Wendy Olsen argued for a quantitative, post-positivist social science: positivists view data as measuring a world accessible to us through the senses (empirical methods) and what the data tell us is exhaustive of what that world is; but how the data itself is revealed to us is conditioned by “data-generating mechanisms” (i.e. structures) of the same world described by the data.
Wendy’s talk made me realize that I could go back to the strong quantitative heritage of my deceased positivist parents. By anchoring back quantitative data (empirical domain) to events (actual domain) and in turn events to deep structures (real domain), I could still be consistent with the core CR tenet of ontological realism and hold onto my quantitative heritage. This made me feel re-anchored: from a positivist orphan, searching for universal truths through reified data, to now a critical realist orphan, using data as a starting point of claims (epistemic relativism) but not making those claims the end in themselves, moving inevitably to an adjudication (judgmental rationality) of which of those claims might be more robustly true. The difference here is that as an orphan of the former type I was repelling away from positivism while as an orphan of the latter type I am now drawn to critical realism.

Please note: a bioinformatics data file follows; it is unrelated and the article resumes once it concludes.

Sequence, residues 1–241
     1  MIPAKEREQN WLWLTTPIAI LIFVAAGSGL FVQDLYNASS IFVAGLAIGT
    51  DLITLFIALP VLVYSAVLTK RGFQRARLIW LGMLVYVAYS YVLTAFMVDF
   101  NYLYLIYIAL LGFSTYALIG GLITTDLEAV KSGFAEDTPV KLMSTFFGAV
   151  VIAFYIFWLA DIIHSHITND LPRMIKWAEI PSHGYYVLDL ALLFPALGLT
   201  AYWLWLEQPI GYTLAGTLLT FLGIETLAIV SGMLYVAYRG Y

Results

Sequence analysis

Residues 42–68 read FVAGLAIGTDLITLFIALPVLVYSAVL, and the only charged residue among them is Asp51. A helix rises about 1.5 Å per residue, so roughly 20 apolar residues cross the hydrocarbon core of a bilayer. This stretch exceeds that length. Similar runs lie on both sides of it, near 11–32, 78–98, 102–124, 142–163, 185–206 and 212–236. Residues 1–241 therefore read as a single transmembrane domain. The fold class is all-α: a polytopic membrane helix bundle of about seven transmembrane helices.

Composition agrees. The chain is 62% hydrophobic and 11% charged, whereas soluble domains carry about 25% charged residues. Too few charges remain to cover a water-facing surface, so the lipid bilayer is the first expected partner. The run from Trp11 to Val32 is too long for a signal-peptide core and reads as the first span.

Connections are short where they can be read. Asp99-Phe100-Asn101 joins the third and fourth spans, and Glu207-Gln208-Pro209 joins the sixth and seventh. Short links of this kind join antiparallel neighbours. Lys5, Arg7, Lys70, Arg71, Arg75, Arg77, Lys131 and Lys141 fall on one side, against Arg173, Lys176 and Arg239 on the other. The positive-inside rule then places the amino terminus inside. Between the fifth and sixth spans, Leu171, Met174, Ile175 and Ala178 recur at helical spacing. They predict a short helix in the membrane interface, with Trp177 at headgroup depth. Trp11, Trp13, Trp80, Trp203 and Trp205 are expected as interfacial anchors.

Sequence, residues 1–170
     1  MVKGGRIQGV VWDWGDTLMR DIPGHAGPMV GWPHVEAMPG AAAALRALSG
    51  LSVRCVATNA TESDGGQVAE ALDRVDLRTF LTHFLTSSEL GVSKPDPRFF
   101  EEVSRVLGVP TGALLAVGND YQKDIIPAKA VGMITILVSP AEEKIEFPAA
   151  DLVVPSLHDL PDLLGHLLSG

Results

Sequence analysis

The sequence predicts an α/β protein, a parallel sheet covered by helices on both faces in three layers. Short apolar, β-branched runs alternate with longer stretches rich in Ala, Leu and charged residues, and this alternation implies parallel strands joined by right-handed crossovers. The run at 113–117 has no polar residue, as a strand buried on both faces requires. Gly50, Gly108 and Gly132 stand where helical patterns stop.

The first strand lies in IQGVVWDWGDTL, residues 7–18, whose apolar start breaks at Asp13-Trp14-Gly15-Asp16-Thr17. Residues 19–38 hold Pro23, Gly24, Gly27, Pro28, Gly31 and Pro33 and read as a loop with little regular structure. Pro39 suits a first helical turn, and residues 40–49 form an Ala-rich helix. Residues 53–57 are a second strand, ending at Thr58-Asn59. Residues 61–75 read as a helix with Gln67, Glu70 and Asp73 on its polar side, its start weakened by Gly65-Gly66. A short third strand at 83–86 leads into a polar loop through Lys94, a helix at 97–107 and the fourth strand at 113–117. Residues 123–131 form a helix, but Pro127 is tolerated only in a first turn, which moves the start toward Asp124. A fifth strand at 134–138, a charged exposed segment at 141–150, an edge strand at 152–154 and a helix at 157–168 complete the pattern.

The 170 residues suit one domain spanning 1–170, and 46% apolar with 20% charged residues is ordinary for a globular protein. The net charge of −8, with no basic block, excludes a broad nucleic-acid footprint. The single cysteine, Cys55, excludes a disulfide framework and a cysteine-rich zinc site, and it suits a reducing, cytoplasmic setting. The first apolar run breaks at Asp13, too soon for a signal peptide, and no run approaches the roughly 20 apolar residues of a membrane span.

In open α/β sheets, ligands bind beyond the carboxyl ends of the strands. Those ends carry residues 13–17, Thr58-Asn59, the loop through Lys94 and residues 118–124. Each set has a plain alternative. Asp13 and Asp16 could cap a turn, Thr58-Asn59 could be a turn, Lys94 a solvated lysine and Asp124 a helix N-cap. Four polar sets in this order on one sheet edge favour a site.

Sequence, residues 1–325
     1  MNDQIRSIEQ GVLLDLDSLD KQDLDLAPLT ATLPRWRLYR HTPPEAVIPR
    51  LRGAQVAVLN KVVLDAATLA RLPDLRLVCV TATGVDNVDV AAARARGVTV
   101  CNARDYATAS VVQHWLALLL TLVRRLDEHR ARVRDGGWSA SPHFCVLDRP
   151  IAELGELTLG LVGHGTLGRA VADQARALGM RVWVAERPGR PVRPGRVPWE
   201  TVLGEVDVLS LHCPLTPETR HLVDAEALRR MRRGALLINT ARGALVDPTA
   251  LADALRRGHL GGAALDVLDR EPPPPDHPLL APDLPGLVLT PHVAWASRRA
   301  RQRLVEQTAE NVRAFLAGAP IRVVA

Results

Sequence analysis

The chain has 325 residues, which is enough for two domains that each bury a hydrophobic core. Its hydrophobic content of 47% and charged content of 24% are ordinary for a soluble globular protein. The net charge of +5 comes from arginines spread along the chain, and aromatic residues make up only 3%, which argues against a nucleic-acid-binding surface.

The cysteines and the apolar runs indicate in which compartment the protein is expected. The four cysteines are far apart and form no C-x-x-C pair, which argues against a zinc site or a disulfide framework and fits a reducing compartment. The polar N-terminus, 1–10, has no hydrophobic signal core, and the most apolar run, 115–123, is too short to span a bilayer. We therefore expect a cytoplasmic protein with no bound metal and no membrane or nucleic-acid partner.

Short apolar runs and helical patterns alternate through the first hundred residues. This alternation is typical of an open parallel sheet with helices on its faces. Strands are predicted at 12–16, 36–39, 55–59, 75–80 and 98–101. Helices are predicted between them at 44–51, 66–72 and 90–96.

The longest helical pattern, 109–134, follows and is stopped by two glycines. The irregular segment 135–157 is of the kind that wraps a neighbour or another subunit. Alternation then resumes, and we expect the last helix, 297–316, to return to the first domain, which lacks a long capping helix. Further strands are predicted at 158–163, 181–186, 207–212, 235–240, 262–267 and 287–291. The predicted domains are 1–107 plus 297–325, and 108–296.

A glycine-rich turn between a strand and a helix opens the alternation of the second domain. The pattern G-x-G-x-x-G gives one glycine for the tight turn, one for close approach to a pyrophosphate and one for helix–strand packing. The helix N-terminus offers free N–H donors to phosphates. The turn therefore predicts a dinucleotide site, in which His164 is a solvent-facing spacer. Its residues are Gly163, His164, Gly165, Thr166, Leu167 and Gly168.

As a critical realist orphan from Japan, I thus enjoin other scholars to join us in the Critical Realism Network for Asia Pacific (CRN-AP). If you may be feeling some loose ends in how your theoretical tools are able to adequately give explanations of the slices of reality that you are investigating, then in the CRN-AP you will find a community of peers (not one with ready answers that will then be prescribed to you for your superficial adoption) that will accompany you as we all search together, ask critical questions together. The scholarly environment at the CRN-AP is one of collegiality but also isn’t one of the “blind-leading-the-blind,” so to speak. Johnny Go, S.J. will inspire all of us in the same way that Roy Bhaskar inspired him (as he narrates here). Phil Gorski, who leads the Critical Realism Network based at Yale University and who has given his full support to the CRN-AP, will also undoubtedly be a great resource (click here to see some of their very useful learning resources on critical realism). The CRN-AP will also be working very closely with the International Association of Critical Realism